Police in Siem Reap province yesterday shuttered an unlicensed medical clinic they say was using more than 100 unregistered medicines, though the clinic’s owner insisted the raid was in response to rival clinics complaining about their prices being undercut by his charitable operation.
According to police, the Siem Reap branch of the Virtuous Doctor Association, which operates nine other branches around the country, was closed on Tuesday after an inspection revealed its lack of a licence and the illegal medication.
“Ouch Vuthy is a doctor possessing a military medical certificate, and his association’s headquarters in Phnom Penh is recognised by the Ministry of Interior,” said Sean Sen, director of Siem Reap’s anti-economic crime office.
“But his [Siem Reap] branch has not been registered at the health department and the medicines have not been registered, so this case must be forwarded to the court”.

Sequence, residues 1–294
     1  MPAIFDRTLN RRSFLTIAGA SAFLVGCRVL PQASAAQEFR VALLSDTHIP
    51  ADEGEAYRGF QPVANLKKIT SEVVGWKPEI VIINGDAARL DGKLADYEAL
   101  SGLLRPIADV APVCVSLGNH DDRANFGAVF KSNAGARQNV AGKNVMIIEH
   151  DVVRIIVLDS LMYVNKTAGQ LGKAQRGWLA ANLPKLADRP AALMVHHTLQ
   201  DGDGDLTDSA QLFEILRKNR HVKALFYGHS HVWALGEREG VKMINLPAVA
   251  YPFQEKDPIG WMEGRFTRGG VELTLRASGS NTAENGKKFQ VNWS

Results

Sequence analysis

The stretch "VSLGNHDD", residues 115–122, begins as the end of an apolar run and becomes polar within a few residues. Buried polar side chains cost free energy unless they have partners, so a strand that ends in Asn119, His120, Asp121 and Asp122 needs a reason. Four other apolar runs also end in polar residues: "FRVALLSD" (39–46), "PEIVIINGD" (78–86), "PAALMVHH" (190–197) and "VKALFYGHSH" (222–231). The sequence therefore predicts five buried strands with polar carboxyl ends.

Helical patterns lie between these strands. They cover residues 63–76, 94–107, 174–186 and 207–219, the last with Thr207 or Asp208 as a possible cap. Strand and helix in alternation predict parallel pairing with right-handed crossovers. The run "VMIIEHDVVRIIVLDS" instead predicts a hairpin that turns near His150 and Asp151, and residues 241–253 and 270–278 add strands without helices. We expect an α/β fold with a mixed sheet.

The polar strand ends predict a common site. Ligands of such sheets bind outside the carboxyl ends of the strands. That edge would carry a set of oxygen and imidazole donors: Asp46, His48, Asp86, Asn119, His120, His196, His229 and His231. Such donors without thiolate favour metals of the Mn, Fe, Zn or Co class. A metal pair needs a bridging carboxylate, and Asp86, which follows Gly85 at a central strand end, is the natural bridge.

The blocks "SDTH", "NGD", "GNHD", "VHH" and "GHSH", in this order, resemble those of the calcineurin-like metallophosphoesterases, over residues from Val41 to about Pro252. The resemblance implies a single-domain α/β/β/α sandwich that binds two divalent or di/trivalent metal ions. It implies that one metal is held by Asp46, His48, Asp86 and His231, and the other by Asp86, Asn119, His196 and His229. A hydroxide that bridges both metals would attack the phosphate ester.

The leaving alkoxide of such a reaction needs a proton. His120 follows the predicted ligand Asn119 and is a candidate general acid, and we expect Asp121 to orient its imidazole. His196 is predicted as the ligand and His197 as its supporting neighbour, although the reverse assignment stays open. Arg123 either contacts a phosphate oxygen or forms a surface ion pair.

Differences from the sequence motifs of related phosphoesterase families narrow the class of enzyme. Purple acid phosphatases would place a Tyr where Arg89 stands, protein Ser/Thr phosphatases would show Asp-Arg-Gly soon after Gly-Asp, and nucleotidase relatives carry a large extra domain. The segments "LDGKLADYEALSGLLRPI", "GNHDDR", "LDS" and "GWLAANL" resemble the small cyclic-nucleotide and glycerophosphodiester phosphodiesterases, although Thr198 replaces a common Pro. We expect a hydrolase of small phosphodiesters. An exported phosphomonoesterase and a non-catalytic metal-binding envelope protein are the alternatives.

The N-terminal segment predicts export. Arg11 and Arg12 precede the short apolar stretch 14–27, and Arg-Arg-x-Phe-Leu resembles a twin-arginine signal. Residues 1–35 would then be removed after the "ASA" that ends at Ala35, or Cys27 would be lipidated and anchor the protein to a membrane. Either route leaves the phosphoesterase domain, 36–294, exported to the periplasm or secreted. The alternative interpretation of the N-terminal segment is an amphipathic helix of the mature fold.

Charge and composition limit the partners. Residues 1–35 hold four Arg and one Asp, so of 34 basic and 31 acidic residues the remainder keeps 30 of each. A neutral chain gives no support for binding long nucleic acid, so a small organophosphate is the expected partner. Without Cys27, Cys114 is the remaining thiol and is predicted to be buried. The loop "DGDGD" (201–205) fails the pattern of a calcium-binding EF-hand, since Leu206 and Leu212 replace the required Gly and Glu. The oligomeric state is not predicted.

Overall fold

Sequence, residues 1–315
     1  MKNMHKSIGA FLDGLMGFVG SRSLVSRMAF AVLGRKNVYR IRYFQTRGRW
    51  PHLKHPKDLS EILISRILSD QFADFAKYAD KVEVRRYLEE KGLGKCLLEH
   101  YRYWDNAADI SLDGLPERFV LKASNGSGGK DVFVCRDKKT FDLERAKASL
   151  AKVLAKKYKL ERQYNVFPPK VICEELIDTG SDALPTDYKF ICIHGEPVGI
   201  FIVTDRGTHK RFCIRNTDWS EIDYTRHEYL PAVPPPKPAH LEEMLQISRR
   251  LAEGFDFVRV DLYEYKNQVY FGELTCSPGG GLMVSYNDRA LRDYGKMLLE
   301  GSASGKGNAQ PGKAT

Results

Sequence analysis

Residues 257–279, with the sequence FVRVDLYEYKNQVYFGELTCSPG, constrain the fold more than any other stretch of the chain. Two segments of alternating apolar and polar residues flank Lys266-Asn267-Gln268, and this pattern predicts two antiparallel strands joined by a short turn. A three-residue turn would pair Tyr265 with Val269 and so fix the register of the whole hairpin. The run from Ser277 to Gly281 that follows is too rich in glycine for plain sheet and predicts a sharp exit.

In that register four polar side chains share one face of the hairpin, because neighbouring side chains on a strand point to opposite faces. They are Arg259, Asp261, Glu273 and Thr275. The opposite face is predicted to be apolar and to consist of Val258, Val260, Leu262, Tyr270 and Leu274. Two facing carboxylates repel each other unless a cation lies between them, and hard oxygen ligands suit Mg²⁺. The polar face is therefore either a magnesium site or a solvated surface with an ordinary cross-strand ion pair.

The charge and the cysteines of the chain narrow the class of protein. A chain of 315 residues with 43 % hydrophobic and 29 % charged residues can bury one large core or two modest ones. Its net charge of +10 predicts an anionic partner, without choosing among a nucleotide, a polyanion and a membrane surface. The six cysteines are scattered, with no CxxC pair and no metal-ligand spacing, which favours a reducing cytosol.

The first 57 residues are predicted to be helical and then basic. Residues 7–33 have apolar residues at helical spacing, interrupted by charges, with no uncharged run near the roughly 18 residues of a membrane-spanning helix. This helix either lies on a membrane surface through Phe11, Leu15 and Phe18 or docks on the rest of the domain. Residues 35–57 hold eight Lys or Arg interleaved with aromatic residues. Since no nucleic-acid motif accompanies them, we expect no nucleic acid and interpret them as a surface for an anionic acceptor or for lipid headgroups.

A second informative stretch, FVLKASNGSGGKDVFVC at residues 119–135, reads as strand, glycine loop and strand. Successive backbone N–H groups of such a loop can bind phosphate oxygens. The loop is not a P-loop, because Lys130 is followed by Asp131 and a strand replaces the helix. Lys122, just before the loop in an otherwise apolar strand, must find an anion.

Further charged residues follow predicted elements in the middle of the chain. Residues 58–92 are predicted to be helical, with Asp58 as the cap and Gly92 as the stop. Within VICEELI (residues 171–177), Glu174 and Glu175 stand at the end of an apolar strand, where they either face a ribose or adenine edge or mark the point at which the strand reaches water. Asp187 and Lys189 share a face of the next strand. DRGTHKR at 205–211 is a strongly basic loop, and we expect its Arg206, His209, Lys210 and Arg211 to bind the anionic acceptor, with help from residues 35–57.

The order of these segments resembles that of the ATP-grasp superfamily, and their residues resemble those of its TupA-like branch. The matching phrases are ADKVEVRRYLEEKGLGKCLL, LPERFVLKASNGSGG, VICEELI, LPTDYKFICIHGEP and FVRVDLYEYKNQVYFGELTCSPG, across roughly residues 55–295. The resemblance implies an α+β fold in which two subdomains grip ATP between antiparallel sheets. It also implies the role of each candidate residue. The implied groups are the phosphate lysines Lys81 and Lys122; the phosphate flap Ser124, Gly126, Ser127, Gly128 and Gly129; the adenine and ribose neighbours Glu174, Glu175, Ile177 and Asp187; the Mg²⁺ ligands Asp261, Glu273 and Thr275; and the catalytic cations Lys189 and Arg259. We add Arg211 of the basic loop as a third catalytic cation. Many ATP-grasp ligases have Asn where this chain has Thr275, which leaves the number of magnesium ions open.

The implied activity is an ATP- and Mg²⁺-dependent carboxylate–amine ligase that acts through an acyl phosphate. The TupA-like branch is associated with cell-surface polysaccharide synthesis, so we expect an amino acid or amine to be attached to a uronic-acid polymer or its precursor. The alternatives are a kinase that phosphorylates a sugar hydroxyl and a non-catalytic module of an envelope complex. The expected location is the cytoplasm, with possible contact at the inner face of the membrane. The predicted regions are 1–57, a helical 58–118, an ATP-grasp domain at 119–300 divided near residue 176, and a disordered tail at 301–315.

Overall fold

But Vuthy, who says his other branches have been running without problems, claims Siem Reap police are acting on behalf of rival clinics.
“I think the authorities launched the operation based on other clinics’ complaints, because they do not get as many patients as us,” he said.
Sen rejected the allegation yesterday and said police would be investigating Virtuous Doctor’s other clinics.
Phnom Penh-based Vuthy admits he has fallen foul of a 2014 change in the law which requires medical clinics to register with the Department of Health, but says he failed to register the Siem Reap clinic only because he could not find a local doctor to work there.
“I organised the document requesting a license,” he said. “But the Department of Health said anyone named as responsible for the clinic must live in Siem Reap.”
Police said they seized 103 types of Chinese-branded medicine that had not been properly registered, but Vuthy again denied the charge.
“There are three sources we buy the medicine from,” he said. “Registered drugs from the company, drugs given to us by charitable donors, and others purchased from a clinic in Olympic market in Phnom Penh.”
According to Health Department vice president Earm Bun Leoun, Vuthy’s Phnom Penh office got Ministry of Interior clearance in 2006, but was not given permission to open branches, and was later warned of the need to register his Siem Reap practice.
“The Department of Health approached the clinic and warned it to apply for permission, but he did not follow the advice,” he said.